"Our off-road motorcycle trips are intended to be a positive experience for all involved. The tour is not a race or competition and dangerous riding will not be tolerated. All participants are expected to respect the culture, nature and people of Mongolia."

"It is our duty to travel through Mongolia without damaging its pristine environment, nor disrupting the lives of the local population and their animals. Sometimes we will be riding through National Parks and Natural Reserves where flora is protected by law. Sharp braking or spinning wheels will be frowned upon by the locals and damage the reputation of the Company. Arrival at camp signals the end of the riding day. Please do not continue riding round the area wasting petrol and damaging the ground."

"Most of the roads we travel on are not black-topped, but clear trails are obvious. Straying away from the tracks risks damage to the environment and the motorcycle. Places which are or have been inhabited by nomadic families are likely to be surrounded by rubbish such as metal or bones which can easily damage the tyres. Additionally, if you divert from the trail to an area that cannot be accessed by the support vehicle, it will be difficult to rescue you in case of accident."

When passing through Tsetserleg town we visit a felt making project with demonstrations of how felt is made on a small scale and can buy felt products made for the tourist market. This project has been set up to create employment for local people, to educate tourists on this traditional craft, and to increase the income from tourism. The restaurant that we use in this town is the result of another successful project intended specifically to provide employment in a town where many people do not have jobs. Some of the ger camps have a small shop where they sell paintings, traditional clothing, carvings and other crafts, made during the winter months by people in the area. Our tourists are encouraged to buy souvenirs in these places as they are genuine mementos of the holiday and will certainly help to support the families of the shop owner and the craftsman.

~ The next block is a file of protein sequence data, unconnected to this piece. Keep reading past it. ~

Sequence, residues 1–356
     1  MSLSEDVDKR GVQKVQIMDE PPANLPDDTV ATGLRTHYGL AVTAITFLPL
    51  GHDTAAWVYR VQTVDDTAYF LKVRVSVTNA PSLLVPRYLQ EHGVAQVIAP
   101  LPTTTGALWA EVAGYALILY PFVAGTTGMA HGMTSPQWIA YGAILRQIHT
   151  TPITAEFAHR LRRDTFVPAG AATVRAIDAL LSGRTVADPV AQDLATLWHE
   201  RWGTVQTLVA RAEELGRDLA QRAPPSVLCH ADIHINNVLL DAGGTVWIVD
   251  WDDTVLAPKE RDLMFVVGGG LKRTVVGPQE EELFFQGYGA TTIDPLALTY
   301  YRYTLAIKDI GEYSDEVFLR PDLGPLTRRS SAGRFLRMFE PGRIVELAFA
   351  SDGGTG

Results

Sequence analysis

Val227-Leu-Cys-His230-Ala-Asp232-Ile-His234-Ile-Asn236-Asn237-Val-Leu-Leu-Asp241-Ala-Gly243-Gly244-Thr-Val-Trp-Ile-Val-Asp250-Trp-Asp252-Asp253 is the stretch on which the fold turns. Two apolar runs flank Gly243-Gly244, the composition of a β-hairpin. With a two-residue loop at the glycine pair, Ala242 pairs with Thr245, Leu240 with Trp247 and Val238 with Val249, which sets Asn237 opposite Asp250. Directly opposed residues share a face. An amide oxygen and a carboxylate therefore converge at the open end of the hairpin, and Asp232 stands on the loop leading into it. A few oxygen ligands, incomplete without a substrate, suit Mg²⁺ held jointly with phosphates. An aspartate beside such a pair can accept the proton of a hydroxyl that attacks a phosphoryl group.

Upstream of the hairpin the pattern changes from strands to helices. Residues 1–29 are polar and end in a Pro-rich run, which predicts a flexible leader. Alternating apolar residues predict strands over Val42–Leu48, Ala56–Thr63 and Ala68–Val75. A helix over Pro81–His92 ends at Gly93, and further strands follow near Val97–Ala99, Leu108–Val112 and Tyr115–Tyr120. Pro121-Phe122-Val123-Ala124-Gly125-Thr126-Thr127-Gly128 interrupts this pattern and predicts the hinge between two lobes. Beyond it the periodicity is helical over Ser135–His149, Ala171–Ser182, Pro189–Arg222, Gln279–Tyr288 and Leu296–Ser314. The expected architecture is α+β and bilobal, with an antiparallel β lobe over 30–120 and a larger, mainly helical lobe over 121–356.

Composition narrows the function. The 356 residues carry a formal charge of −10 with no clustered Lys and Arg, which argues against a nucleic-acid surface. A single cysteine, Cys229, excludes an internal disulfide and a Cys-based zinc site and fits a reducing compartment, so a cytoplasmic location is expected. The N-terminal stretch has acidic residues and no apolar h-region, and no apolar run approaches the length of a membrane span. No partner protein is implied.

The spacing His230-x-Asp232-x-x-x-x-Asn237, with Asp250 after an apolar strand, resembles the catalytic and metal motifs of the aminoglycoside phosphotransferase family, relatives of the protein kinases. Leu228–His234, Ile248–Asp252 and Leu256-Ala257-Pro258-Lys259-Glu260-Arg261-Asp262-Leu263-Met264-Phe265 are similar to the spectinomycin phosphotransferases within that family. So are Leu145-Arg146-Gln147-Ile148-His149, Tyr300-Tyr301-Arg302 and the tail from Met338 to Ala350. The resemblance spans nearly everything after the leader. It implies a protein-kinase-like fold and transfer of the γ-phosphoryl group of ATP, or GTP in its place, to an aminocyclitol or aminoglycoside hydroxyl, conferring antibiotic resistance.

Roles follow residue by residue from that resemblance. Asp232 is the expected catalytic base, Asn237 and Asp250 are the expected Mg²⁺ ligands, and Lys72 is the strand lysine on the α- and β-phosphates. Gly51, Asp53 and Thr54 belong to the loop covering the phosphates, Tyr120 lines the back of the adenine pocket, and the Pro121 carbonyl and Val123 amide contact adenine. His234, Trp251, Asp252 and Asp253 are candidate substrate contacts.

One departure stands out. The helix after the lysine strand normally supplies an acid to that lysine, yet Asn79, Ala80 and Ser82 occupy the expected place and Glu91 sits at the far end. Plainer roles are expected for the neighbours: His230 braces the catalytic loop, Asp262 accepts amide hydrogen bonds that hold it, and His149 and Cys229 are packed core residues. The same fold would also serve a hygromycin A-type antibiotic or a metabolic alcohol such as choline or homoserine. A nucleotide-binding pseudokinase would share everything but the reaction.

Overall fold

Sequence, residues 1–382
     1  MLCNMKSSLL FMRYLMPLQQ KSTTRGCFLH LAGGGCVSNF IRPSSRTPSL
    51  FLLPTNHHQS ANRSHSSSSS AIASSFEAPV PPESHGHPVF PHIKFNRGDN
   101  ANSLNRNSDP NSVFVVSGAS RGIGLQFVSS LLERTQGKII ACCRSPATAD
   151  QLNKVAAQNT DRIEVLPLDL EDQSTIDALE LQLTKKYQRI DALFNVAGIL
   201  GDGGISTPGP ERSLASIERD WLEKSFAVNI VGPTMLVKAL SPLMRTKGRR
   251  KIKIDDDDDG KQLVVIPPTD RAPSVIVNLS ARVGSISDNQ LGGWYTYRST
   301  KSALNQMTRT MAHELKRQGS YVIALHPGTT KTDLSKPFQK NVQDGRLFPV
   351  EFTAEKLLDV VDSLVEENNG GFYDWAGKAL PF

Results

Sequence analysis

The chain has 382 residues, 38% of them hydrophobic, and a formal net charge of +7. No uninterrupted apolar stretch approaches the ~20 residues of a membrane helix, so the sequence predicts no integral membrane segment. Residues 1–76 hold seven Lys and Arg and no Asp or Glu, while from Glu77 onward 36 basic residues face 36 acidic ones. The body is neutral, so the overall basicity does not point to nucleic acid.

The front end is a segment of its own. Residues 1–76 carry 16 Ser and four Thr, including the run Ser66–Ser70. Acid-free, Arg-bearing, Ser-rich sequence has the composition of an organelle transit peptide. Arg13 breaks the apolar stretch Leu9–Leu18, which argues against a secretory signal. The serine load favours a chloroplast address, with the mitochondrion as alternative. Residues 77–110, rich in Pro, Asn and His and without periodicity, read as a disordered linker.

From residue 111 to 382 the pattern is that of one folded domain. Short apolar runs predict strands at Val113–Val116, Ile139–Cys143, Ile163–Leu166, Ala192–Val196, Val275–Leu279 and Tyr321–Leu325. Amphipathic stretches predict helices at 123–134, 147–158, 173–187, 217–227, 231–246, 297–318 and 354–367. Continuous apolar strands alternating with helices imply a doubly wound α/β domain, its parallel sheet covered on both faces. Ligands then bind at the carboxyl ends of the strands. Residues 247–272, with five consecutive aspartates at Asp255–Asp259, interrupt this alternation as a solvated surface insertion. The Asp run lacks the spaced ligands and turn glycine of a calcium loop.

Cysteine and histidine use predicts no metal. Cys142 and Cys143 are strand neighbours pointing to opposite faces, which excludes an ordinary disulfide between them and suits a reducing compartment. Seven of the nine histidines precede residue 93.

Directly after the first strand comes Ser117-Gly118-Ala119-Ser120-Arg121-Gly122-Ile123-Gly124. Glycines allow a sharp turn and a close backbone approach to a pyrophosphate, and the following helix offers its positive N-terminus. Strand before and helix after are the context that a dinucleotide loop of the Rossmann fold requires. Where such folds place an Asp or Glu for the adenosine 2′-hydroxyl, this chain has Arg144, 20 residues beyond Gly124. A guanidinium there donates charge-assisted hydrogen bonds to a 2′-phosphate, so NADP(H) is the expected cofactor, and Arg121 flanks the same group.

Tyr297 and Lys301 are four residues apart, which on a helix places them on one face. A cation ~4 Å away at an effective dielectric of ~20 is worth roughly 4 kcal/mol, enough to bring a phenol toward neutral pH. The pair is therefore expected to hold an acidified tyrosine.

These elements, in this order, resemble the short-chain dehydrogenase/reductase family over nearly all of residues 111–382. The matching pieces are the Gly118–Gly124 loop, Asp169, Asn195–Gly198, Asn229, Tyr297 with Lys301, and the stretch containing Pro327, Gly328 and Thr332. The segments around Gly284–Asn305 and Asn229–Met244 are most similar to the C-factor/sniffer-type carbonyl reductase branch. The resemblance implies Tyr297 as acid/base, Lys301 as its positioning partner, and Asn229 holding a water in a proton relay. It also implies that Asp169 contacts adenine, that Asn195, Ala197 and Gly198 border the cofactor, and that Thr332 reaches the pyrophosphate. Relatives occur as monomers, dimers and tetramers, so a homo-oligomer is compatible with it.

The staff on this tour are all Mongolian and their salaries make a considerable financial difference to their families. Unemployment in Mongolia is high and for those employed by the State, salaries are low. People joining this tour will enjoy the riding, the country and the people in the knowledge that they are making a positive contribution to the local economy.

The company is owned and run by Mongolians with small offices in Mongolia, UK and Germany. The itinerary for this trip, and indeed the whole brochure, can be downloaded from our website, reducing the need for printing in most cases. Upon booking a tour, clients are given a Tour Dossier which includes a section on attitudes and behaviour. We explain some of the most important issues so that tourists will not be embarrassed nor locals offended. During the tour, the leader or interpreter will educate the group on the more important points of Mongolian etiquette so that everyone feels more comfortable when we enter a local home or temple.